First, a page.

At the United States Supreme Court this year, Justice Anthony Kennedy retired, his former law clerk Justice Brett Kavanaugh replaced him, and the Court addressed a number of significant—and sometime controversial—issues. Here are ten cases to remember.
Religion and immigration
Immediately upon taking office, President Trump issued an executive order that for 90 days barred the entry into the United States of all foreign nationals from seven majority-Muslim countries. The bar was struck down in the lower courts, and the President replaced it with a second one. That bar too was struck down, and the President replaced it with a third order that applied to eight countries, some majority-Muslim and others not. Struck down in the lower courts, this bar reached the Supreme Court, which affirmed it against the argument that it discriminated against religion in violation of the Establishment Clause. Although the bar itself was facially neutral as to religion and focused on the affected countries’ security screening and threat of terrorism, the challengers argued that the “President and his advisers” had made a series of statements “casting doubt on the official objective” of the bar. “[T]he issue before us,” the Court held, “is not whether to denounce the statements” but instead what significance they had “in reviewing a Presidential directive, neutral on its face, addressing a matter within the core of executive responsibility.” Concluding that the very most the courts could do is review the bar for a rational basis, the Court sustained it as being based on legitimate security concerns, notwithstanding the President’s comments. Trump v. Hawaii.
Religion and same-sex marriage
The First Amendment protects the free exercise of religion and the freedom of speech, but in 2015 the Supreme Court held that the Constitution also protects the right to same-sex marriage. When state laws prohibiting discrimination on the basis of sexual orientation are applied to people holding religious objections to same-sex marriage, courts are called upon to reconcile the conflicting rights. So it was in Colorado, where a devout Christian baker declined to bake a wedding cake celebrating a same-sex marriage and was charged with violating Colorado’s anti-discrimination laws. Reviewing the record of the Colorado Civil Rights Commission’s adjudication of the claim, the Court found that members of the Commission showed a “clear and impermissible hostility toward the sincere religious beliefs” of the baker by, among other things, comparing his actions to slavery and the holocaust as other supposed instances where “religion has been used to justify all kinds of discrimination.” By a 7-2 margin, the Court held that the Commission’s proceeding violated the duty “not to base laws or regulations on hostility to religion or a religious viewpoint” and reversed the penalty. Masterpiece Cakeshop, Ltd. v. Colorado Civil Rights Commission.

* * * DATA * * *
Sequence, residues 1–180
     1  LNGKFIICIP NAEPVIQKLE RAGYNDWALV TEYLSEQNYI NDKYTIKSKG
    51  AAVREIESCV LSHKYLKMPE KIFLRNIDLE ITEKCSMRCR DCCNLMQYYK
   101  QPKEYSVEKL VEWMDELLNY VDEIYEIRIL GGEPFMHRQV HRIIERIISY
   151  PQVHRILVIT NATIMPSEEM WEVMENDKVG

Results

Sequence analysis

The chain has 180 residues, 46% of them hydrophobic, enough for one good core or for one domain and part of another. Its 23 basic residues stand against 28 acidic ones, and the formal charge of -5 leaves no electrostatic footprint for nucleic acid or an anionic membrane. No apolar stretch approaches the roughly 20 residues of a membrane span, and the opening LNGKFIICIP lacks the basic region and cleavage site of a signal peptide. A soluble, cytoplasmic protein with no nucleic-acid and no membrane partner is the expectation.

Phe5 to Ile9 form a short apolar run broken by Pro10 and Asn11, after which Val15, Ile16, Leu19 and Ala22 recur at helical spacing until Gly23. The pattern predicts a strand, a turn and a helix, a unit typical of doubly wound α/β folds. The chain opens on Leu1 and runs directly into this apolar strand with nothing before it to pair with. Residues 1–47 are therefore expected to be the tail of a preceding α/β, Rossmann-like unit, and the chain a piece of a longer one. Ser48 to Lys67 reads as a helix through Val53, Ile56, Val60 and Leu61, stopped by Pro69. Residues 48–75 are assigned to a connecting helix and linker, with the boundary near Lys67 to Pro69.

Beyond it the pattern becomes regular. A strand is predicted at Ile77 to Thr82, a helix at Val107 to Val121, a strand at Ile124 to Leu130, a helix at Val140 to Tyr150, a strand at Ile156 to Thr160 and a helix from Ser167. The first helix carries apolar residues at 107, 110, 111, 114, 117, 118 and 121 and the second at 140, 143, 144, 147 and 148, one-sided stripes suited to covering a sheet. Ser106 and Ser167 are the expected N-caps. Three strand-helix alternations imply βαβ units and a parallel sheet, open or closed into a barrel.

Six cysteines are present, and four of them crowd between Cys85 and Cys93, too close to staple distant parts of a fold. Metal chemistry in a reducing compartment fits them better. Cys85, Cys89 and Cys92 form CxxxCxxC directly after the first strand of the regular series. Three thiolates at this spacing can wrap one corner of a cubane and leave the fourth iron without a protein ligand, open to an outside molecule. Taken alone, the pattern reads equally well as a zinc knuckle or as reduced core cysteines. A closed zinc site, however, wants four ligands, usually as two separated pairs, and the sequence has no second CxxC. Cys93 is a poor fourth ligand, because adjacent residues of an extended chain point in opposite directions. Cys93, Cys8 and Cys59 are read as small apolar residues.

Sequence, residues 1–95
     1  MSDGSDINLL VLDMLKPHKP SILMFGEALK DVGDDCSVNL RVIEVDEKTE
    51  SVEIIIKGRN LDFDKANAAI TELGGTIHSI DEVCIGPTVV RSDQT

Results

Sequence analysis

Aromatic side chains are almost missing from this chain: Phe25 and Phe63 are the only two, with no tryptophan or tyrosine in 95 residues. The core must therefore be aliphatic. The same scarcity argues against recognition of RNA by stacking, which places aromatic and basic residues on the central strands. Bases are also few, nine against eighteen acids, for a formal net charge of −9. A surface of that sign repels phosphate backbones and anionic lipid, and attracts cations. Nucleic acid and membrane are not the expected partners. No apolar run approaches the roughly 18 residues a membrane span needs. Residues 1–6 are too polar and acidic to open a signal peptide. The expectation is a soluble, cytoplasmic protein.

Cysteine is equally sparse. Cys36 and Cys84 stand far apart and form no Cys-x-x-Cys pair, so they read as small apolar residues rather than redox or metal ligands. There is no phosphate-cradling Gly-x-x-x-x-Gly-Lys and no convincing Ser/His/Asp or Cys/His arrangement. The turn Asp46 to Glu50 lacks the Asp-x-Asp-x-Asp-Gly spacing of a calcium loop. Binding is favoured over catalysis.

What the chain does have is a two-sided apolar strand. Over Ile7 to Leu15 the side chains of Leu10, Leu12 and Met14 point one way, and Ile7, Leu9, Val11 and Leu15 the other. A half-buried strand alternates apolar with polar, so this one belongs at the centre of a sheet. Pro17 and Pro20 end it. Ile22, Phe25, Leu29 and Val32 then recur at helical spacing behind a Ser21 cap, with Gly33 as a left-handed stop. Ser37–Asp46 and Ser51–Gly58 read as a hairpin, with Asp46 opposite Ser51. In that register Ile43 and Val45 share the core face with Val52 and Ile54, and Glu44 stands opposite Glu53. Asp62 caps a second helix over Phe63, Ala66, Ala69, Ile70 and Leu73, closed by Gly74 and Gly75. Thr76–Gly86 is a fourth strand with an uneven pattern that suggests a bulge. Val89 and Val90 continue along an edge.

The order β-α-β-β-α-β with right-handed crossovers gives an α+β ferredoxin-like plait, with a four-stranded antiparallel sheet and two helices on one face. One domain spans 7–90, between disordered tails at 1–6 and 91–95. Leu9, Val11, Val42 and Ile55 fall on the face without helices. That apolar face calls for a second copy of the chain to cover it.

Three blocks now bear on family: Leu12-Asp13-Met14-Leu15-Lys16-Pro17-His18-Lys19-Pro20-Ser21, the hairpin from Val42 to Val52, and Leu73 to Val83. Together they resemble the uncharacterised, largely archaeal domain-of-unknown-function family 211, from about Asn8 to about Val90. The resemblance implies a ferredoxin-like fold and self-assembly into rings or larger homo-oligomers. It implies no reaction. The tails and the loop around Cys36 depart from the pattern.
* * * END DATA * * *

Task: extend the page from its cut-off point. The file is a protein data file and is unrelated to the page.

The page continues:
Political speech by public unions
Since 1977, the constitutional rule had been that public-sector employees could not be compelled to pay dues to support a union’s overtly political activities, but they could be compelled to pay dues to support collective bargaining activities. In a 5-4 decision, however, the Supreme Court overruled its precedent and held that public-sector employees cannot be forced to pay any dues. The freedom of speech protected by the First Amendment includes the freedom not to speak, the Court reasoned, and collective bargaining inherently involves “how public money is spent,” a topic of substantial public concern. Individuals therefore may not be compelled “to support the union irrespective of whether they share its views.” Janus v. State, County, and Municipal Employees.
Political speech in the polling place
In case arising here in Minnesota, the Court struck down the state’s ban on wearing a “political badge, political button, or other political insignia” in polling places on election day as a violation of the First Amendment’s protections for political speech. The Court agreed with Minnesota that polling places are non-public forums and also that, because the polling place “is a time for choosing, not campaigning,” Minnesota has a reasonable interest in barring advocacy within it. But the Court found that Minnesota’s statute provided no administrable definition of “political,” raising the possibility that election officials could apply the ban discriminatorily. It is open to the State to enact a ban with clearer boundaries, but a new law has not yet been passed. Minnesota Voters Alliance v. Mansky.